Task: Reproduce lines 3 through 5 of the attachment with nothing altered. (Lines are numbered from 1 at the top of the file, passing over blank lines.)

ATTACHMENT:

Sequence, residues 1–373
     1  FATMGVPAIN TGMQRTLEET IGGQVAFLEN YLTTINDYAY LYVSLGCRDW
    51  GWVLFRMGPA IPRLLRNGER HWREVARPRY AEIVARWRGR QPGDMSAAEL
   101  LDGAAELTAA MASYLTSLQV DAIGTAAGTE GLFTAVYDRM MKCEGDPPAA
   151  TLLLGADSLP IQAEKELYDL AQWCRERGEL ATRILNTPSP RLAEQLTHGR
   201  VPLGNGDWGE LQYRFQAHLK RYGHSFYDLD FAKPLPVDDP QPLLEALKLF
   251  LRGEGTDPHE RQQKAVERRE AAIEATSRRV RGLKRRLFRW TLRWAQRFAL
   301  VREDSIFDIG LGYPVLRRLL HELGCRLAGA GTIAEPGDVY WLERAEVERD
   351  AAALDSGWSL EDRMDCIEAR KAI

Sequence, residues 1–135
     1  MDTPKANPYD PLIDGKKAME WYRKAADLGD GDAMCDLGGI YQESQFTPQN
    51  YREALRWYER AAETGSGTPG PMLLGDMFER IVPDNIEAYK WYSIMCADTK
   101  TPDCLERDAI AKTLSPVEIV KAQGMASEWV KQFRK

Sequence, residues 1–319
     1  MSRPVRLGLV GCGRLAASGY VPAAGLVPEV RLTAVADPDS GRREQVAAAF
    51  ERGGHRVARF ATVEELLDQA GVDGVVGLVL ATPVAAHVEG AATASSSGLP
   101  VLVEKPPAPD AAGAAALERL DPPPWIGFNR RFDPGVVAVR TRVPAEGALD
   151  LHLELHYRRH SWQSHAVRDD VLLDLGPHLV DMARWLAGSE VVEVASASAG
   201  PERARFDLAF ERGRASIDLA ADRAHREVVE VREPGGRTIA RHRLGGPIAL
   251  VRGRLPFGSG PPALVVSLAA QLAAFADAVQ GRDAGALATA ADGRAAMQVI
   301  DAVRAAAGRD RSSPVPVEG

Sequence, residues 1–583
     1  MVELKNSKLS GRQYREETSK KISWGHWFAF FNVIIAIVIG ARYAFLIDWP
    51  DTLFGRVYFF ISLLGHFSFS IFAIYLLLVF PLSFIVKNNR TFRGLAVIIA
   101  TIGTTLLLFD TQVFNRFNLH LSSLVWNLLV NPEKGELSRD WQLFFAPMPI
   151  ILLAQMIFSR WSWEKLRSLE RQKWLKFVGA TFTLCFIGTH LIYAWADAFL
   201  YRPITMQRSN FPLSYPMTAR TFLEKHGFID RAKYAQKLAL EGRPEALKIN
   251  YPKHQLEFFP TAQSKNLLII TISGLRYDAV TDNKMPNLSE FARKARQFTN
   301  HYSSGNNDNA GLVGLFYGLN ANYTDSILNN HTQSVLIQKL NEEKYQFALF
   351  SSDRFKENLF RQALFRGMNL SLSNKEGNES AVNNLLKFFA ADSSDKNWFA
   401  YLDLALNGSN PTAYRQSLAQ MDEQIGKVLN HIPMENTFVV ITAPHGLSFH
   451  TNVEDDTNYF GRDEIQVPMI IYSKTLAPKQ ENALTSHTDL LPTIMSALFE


    51  GWVLFRMGPA IPRLLRNGER HWREVARPRY AEIVARWRGR QPGDMSAAEL
   101  LDGAAELTAA MASYLTSLQV DAIGTAAGTE GLFTAVYDRM MKCEGDPPAA
   151  TLLLGADSLP IQAEKELYDL AQWCRERGEL ATRILNTPSP RLAEQLTHGR